The entire reason Christ came to earth was to save souls from hell. The only reason He doesn't take us straight to Heaven when we get saved is because He wants us to carry on that great work of preaching the Gospel and saving souls from the fire. The Great Commission does not say, "Go and save the planet," it says, "Go and make disciples." That is our work. Nothing else comes close in importance.

We are all born deserving eternal fire. It's only the blood of Christ that can save us from that "warming." And if you aren't sure whether you've been saved, then please don't leave this building before you talk to me, or one of the faithful men or women of this church, so we can explain it to you. It's simple, it's not negotiable, and if you want to avoid the "warming" that the rich man endured, and is still enduring today, and will continue to endure for all eternity, there is no other way.

And if you know you're saved by Jesus alone, then your mission in life is to spread that around. All these people we know who think they're doing good by saving the planet from us, are distracting themselves from what really matters. They may or may not be saving the planet, but they are failing to get their souls saved. The warming they're trying to prevent is a matter of a few degrees, but the "warming" that they will experience in Hell is the temperature of molten sulfur — that's what "brimstone" is. They will launch themselves from a comfortable planet into a Christless eternity, where all their well-meaning efforts will count for nothing at all. We Christians have the answer for them. Our #1 mission in life is to tell them. May none of us ever have to hear a voice rising from the pit, crying for all eternity, "Why didn't you tell me?"

There's another kind of "warming" that Christians should be aware of. That's in Revelation 3:14:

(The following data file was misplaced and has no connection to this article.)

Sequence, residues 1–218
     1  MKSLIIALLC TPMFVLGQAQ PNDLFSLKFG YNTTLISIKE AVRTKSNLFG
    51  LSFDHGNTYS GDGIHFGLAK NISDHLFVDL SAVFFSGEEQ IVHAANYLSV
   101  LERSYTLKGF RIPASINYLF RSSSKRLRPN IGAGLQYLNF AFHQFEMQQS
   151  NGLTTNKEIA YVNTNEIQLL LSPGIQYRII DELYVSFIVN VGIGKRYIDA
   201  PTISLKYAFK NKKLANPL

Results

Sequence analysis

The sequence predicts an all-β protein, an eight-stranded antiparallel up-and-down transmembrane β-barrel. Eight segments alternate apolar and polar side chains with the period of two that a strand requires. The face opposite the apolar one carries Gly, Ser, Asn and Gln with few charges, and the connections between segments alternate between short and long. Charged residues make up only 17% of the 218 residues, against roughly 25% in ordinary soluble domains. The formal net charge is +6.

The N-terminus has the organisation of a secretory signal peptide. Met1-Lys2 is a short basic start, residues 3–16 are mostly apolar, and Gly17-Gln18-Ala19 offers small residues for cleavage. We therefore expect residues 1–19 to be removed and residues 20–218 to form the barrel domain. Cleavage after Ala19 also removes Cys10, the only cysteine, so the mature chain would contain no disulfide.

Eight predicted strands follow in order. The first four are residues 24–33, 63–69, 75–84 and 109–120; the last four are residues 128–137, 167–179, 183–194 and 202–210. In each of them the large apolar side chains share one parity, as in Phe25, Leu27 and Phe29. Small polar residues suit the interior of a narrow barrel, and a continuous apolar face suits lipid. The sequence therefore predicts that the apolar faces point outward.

14 To the church in Laodicea write: "These are the words of the Amen, the faithful and true witness, the ruler of God's creation. 15 I know your deeds, that you are neither cold nor hot. I wish you were either one or the other! 16 So, because you are lukewarm — neither cold nor hot — I am about to spit you out of my mouth."

Jesus had seen the works of the church in Laodicea and found them wanting. They were only warm. He wanted them to be hot for Him, but even being cold would have been better than their uncommitted, lukewarm state. He told them later, "Be earnest, and repent." "Turn up the heat!" is what He was telling them. And there are churches all over the world, and Christians all over the world, who face this same problem. This is a "global warming" that needs to happen.

It's so easy to get comfortable in our Christian lives, fulfilling the same comfortable, predictable ministries, going through the motions Sunday after Sunday, while the Spirit's fire slowly dies inside us, and no one notices, not even ourselves. Jesus says He'd actually prefer us to grow openly cold — it's easier for Him to work in someone's life when they know something's wrong than when they're fat, happy, and lukewarm. The answer is repentance, which tells us that lukewarmness is a sin. Maybe you know someone in that condition. Maybe you are in that condition. What should you do?

Repent! Turn up the heat! Step out of your comfort zone; try doing something for the Lord that doesn't come naturally. Pastor Doug's evangelism program would be a great way to get some "warming" happening in your spiritual life. If it's someone you know, then a little coming-alongside may be in order, for encouragement and exhortation. Every Christian could benefit from greater zeal; none of us has it all together. So let's get some "warming" happening, starting right here at home, and then spread it around and make it "global."

There's a third kind of "warming" that we need to be conscious of, and that's in I Corinthians 3:11 —

11 For no one can lay any foundation other than the one already laid, which is Jesus Christ. 12 If any man builds on this foundation gold, silver, precious stones, wood, hay, or straw, 13 his work will be shown for what it is, because the Day will bring it to light. It will be revealed with fire, and the fire will test the quality of each man's work. 14 If what he has built survives, he will receive his reward. 15 If it is burned up, he will suffer loss; he himself will be saved, but only as one escaping through the flames.